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Paid search marketing is one of the best digital marketing tools out there. But what exactly is it and what does it entail? At Frankel Media Group, it’s our job to understand the ins and outs of paid advertising and translate it into tools that work for your business. In this article, we’ll dive into paid search marketing so you can be informed. 

What is Paid Search Marketing? 

Also known as pay-per-click, or PPC paid search marketing lets businesses place ads on search platforms like Google. When a user searches for something, the search engine results page (SERP) provides relevant results to a user. Some of these results are ads while others are unpaid results. 

When a user clicks on an ad in the SERP, the business pays Google a small fee. Ads presented to users are relevant to their search, so if a user is searching for women’s clothing the user would be presented with ads from companies that sell women’s clothing.

How does it work?

Our paid advertising experts at Frankel Media Group use programs like Google Ads to set up paid ads. Any one account is divided into a series of campaigns, and then into specific ad groups within a campaign that each contain the individual ads and their related data, like keywords and budget. 

Each ad is created with a series of keywords that tell the search platform what parameters the ad is meant to target. The closer the ad matches a user’s search terms as well as the bid price, it will help determine where the ad will be placed, or ranked, in the search results. The goal is to have the top ad as it is consistently the most clicked and tends to produce the most conversions (for example, users buying a product on the site). 

Once the ads are running, real-time data sets the cost of these ads, where a higher priced ad for a relevant website might rank closer to the top of the search results than a lower priced ad.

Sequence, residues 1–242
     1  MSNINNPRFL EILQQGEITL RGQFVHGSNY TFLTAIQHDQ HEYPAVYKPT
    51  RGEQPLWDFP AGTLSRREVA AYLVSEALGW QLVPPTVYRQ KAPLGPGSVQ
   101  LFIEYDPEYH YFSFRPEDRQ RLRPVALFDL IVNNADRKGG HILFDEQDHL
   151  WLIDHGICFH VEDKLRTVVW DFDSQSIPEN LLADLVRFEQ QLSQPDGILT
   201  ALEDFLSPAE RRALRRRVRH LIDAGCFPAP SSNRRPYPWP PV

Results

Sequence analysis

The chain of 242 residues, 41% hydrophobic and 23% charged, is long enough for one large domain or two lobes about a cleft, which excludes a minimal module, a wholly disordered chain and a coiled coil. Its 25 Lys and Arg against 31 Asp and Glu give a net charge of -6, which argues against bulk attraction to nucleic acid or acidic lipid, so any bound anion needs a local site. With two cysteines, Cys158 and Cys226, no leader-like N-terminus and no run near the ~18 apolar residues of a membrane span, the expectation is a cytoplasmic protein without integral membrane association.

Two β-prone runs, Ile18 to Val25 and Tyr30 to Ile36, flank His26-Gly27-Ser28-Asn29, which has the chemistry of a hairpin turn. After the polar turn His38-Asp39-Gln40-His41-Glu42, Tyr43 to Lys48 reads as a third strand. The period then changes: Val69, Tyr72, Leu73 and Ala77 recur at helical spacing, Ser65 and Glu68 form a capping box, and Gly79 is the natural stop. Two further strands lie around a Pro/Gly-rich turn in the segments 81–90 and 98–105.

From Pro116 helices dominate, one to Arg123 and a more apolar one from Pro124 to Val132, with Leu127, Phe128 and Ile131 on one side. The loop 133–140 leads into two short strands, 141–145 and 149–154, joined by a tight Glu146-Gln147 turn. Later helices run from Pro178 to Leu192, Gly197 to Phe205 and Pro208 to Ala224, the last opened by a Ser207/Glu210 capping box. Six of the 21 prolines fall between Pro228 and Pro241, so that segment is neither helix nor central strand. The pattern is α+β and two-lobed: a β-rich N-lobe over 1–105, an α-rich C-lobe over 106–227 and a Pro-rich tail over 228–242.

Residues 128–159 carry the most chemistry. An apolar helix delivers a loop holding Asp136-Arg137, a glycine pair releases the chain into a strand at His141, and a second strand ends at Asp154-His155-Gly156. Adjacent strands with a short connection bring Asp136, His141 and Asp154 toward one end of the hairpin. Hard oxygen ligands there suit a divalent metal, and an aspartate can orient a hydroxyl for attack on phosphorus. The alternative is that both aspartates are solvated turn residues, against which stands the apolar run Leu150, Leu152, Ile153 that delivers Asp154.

In addition to an individual ad’s budget, or bid, Google also uses a Quality Score to determine rank. A few things contribute to an ad’s Quality Score, including keyword relevancy within the ad, keyword relevancy vs. a user’s query, the quality of the page the user lands on when clicking the associated URL, and past click-through-rates (CTR). As Google puts more focus on relevancy, ads with a higher Quality Score will often win out over those with lower Quality Scores but higher budgets. 

Keywords vs. Queries

Two types of words or phrases used to place an ad or search for something are key to the whole thing: keywords and queries. Keywords are set by the advertiser to target what a user might search for within a search box. Queries are the words that the user types into their search box. To help account for inconsistencies in a user’s search, keywords must include misspellings, alternate names for things (think “scissors” vs. “cutters” or “snips”), and more. Keywords can also account for ‘negative’ keywords, meaning that if a user types in a query an ad with similar keywords associated with it, but not relevant to it, will not be shown. This is useful to weed out irrelevant searches that may use the same words but have very different meanings (think of searching for “golf clubs” and not wanting results for those products to show up alongside “jazz clubs”). 

Creating the Ads

Think of your last Google search. What did you search for? What ads did you see in the search results? Ads typically have a headline, a description, and a URL for the user to click on, and different ad copy can be tested to see which ads perform better than others. 

Sometimes an ad in the search result can be larger with more sections or links. These are known as ad extensions, and they contain more information and take up more space on the page. In turn, ad extensions tend to generate more clicks and more conversions.  

Search Result Algorithms

Google and other search engines change their algorithms somewhat regularly with the goal of continuously improving on a user’s search results. As algorithms change, so must advertisers in order to keep advertisements relevant to the way users search for them. 

For example, 10 years ago a user might have used a whole sentence to search for women’s clothing by typing in something like this: “Where can I find women’s clothing for summer?” Over the years, users became more familiar with searching, and search engines have made alterations, or changes to the algorithm, as they’ve become more familiar with how users search. Today, a user is more likely to search for “women’s summer clothes” or “women’s summer clothes near me” — and Google and other search platforms must keep up to provide relevant results. 

Frankel Media Group

When searching for paid advertising and PPC in Gainesville, Florida, turn to Frankel Media Group. We’ve got the right team and the right tools to help your business meet the goals and objectives you’ve set for it. Connect with us today. Let’s make big things happen.

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